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Kendrick Lamar and Beyonce aren’t the only artists out there trying to make a political statement about Blackness, brutality and bias. Enter Rev. Osagyefo Sekou, a St. Louis scholar, filmmaker and pastor who is seriously putting the “M” back in movement music.

Invoking his experiences on the ground and a love for his people, Rev. Sekou & the Holy Ghost have released their new album, “The Revolution Has Come.”  With the help of more than 30 musicians, engineers, and vocalists, this 9-track project by FarFetched records is a political and musical fusion of gutbucket blues, gospel, soul, and funk. The album is organized into three sections, Resistance, Remembrance, and Revolution, all inspired by and dedicated to the people of Ferguson, Missouri, a city that the pastor spent so much of him time in after Mike Brown was shot and killed. 

And while the album is meant to inspire, Sekou admits that it came from of a place of being utterly exhausted with despair.

After the one-year anniversary of Brown’s death and doing prior advocacy in Baltimore, Cleveland and Oakland, Sekou told The St. Louis American that he was “stressed out, not thinking right,” so he flew to the San Francisco Bay area to see a friend. “After a year in streets, I had the blues, so I needed to sing,” he said. 

These past experiences on the streets are front and center in these songs. He reflects on sitting in a jail cell with other protesters, flushing tear gas out of his friends’ eyes, mourning over the lives of murdered transgender folks (especially those of color) and the cries of mothers who have lost their children to white supremacy. The album is multifaceted, soul-shaking and emotional–the antithesis of what most mainstream music is being peddled on our airwaves.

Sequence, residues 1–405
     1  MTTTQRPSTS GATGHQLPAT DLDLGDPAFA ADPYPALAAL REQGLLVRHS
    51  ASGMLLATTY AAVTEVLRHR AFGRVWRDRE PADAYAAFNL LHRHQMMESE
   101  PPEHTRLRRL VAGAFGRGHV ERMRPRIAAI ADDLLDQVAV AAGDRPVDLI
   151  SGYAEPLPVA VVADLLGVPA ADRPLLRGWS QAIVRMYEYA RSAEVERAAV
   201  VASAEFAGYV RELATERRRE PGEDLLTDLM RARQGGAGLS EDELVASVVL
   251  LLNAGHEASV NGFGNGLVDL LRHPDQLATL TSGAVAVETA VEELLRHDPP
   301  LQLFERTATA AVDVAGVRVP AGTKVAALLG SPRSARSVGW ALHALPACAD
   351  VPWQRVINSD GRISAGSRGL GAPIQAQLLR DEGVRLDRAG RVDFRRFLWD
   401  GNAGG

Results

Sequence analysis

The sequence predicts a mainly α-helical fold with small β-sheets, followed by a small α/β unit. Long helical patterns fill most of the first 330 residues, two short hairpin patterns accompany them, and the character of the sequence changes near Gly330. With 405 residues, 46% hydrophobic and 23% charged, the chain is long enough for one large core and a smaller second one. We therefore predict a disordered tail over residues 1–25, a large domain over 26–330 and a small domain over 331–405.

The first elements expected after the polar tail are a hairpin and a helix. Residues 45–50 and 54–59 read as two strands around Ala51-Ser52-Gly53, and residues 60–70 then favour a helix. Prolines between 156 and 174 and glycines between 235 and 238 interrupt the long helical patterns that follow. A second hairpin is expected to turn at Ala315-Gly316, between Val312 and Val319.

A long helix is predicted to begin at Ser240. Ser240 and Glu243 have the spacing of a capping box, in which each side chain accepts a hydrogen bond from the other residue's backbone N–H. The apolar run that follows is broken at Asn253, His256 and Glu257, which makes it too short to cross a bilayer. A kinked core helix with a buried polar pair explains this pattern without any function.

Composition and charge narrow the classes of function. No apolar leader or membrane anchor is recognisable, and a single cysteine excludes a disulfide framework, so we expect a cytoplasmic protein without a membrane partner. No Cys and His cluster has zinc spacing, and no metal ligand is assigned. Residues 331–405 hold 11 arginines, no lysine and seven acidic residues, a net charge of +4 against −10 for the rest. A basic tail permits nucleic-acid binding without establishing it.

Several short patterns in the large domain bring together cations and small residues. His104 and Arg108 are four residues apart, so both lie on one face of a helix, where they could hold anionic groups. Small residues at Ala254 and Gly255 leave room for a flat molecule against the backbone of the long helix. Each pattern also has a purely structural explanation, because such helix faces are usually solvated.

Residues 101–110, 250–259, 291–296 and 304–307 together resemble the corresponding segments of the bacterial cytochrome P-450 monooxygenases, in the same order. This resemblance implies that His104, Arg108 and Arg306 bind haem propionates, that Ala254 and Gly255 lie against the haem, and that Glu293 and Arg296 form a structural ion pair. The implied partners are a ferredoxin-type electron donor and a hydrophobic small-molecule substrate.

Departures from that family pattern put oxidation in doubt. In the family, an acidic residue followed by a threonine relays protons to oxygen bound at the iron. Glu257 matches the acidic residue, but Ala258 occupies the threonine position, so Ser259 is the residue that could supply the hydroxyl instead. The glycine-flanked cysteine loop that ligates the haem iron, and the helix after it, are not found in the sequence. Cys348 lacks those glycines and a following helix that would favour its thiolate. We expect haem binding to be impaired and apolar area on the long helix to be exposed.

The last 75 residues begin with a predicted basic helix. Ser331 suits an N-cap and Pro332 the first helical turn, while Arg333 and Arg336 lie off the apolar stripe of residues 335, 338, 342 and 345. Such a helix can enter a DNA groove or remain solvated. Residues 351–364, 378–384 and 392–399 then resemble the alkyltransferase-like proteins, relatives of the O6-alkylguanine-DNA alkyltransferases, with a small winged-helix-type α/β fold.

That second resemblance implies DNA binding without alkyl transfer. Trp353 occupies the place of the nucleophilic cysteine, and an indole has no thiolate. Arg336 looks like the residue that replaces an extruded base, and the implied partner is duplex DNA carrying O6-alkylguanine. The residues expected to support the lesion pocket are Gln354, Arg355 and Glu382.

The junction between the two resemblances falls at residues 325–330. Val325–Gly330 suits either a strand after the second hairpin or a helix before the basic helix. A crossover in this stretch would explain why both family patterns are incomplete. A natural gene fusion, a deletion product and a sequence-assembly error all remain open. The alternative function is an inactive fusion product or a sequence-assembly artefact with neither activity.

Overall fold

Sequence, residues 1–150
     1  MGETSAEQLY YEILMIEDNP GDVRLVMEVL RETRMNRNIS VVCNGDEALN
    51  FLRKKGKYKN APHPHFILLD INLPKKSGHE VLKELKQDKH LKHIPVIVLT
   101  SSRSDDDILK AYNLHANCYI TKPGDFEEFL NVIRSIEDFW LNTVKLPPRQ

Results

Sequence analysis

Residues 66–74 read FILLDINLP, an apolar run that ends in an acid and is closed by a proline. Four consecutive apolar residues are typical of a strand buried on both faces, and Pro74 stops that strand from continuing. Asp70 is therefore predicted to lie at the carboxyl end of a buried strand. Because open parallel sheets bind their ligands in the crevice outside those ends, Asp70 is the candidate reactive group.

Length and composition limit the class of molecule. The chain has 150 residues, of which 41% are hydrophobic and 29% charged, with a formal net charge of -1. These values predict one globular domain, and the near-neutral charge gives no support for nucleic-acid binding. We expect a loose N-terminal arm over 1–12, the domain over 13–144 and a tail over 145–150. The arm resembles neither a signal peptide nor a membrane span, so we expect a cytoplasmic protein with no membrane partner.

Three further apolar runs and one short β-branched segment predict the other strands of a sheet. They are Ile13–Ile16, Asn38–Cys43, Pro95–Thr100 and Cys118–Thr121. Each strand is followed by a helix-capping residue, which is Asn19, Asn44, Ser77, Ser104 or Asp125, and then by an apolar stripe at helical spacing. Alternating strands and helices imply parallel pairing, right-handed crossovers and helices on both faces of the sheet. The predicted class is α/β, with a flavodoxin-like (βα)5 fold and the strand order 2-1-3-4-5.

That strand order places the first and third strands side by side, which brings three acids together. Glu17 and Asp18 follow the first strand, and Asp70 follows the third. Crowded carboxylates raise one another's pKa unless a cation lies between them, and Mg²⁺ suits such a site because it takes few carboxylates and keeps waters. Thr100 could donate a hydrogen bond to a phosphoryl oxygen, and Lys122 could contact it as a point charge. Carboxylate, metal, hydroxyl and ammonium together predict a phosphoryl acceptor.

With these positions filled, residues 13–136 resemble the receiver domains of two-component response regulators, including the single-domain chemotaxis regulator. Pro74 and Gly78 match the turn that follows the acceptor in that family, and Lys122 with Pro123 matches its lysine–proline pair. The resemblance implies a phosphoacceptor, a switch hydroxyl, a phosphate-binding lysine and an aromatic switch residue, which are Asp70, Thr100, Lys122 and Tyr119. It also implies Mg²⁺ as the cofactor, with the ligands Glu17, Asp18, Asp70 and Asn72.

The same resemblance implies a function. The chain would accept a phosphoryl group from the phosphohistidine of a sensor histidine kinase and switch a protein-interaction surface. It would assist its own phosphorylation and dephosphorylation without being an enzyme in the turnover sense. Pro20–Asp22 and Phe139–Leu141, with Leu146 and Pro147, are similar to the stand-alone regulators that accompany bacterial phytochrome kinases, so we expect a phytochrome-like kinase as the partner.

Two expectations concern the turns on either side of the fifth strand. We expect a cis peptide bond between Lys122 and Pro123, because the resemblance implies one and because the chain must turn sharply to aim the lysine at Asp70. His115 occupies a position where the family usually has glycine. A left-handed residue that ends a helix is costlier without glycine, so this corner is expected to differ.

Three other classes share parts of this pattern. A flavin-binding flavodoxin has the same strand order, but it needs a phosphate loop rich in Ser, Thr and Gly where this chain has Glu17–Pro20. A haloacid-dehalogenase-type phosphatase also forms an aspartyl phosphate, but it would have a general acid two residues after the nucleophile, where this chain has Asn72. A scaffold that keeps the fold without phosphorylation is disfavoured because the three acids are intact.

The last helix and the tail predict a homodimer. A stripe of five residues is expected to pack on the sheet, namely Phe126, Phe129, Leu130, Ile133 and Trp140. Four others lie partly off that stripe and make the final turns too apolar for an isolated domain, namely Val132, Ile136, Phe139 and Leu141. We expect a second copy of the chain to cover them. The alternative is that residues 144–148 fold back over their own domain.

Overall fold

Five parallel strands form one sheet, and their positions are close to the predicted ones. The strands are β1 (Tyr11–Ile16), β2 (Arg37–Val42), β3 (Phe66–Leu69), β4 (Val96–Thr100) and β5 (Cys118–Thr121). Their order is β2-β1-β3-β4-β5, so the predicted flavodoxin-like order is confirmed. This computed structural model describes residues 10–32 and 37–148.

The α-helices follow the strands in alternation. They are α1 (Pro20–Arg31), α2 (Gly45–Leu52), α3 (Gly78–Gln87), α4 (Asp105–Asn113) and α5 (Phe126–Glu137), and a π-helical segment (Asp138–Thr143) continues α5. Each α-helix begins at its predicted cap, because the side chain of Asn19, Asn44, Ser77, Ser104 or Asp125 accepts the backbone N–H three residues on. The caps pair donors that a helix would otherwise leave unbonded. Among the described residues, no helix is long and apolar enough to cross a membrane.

While many know Sekou through his fierce activism, most people don’t know that he’s been singing for most of his life. Not only does he come from a musically inclined family—his grandfather Richard Braselman played blues in the Arkansas Delta with B.B. King, Albert King and Louis Jordan—but he also received a vocal performance scholarship to Knoxville College in the early 90s. 

“I thought I was going to be a professional singer,” Sekou told The American. “Broadway shows, opera, that’s what I thought I would be doing.”

In our youth-obsessed society, the 45-year old singer did wonder if he was too old to start a singing career, but he saw that perhaps this was his destiny. “Doors keep opening. It became a labor of love for a community that believes in music and in this work. I received so much grace,” he said. 

It’s us who are graced by The Revolution Has Come.”


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